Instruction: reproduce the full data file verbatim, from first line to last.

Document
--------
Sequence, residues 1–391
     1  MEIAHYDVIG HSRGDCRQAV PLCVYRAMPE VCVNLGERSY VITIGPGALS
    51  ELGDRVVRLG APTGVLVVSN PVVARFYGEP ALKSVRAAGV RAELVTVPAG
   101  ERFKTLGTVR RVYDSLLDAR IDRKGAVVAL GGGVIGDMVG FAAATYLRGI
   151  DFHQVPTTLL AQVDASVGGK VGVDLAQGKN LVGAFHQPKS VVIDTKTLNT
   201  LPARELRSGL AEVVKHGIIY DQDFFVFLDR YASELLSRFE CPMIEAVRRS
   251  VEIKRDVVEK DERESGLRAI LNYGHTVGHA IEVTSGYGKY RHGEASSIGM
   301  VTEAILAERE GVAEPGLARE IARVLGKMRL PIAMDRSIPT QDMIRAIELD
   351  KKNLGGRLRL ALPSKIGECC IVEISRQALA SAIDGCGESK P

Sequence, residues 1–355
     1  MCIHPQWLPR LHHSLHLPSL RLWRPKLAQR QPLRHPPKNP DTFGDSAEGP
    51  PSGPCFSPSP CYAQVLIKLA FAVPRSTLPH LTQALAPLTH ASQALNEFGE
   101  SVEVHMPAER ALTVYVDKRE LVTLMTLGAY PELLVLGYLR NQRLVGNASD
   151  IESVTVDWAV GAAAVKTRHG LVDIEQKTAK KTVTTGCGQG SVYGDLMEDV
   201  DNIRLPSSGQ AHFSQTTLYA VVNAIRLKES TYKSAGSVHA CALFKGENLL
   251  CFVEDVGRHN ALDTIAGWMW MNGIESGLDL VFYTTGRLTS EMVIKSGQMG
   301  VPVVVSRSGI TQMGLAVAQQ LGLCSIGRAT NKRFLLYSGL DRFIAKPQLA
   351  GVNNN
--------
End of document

Sequence, residues 1–391
     1  MEIAHYDVIG HSRGDCRQAV PLCVYRAMPE VCVNLGERSY VITIGPGALS
    51  ELGDRVVRLG APTGVLVVSN PVVARFYGEP ALKSVRAAGV RAELVTVPAG
   101  ERFKTLGTVR RVYDSLLDAR IDRKGAVVAL GGGVIGDMVG FAAATYLRGI
   151  DFHQVPTTLL AQVDASVGGK VGVDLAQGKN LVGAFHQPKS VVIDTKTLNT
   201  LPARELRSGL AEVVKHGIIY DQDFFVFLDR YASELLSRFE CPMIEAVRRS
   251  VEIKRDVVEK DERESGLRAI LNYGHTVGHA IEVTSGYGKY RHGEASSIGM
   301  VTEAILAERE GVAEPGLARE IARVLGKMRL PIAMDRSIPT QDMIRAIELD
   351  KKNLGGRLRL ALPSKIGECC IVEISRQALA SAIDGCGESK P

Sequence, residues 1–355
     1  MCIHPQWLPR LHHSLHLPSL RLWRPKLAQR QPLRHPPKNP DTFGDSAEGP
    51  PSGPCFSPSP CYAQVLIKLA FAVPRSTLPH LTQALAPLTH ASQALNEFGE
   101  SVEVHMPAER ALTVYVDKRE LVTLMTLGAY PELLVLGYLR NQRLVGNASD
   151  IESVTVDWAV GAAAVKTRHG LVDIEQKTAK KTVTTGCGQG SVYGDLMEDV
   201  DNIRLPSSGQ AHFSQTTLYA VVNAIRLKES TYKSAGSVHA CALFKGENLL
   251  CFVEDVGRHN ALDTIAGWMW MNGIESGLDL VFYTTGRLTS EMVIKSGQMG
   301  VPVVVSRSGI TQMGLAVAQQ LGLCSIGRAT NKRFLLYSGL DRFIAKPQLA
   351  GVNNN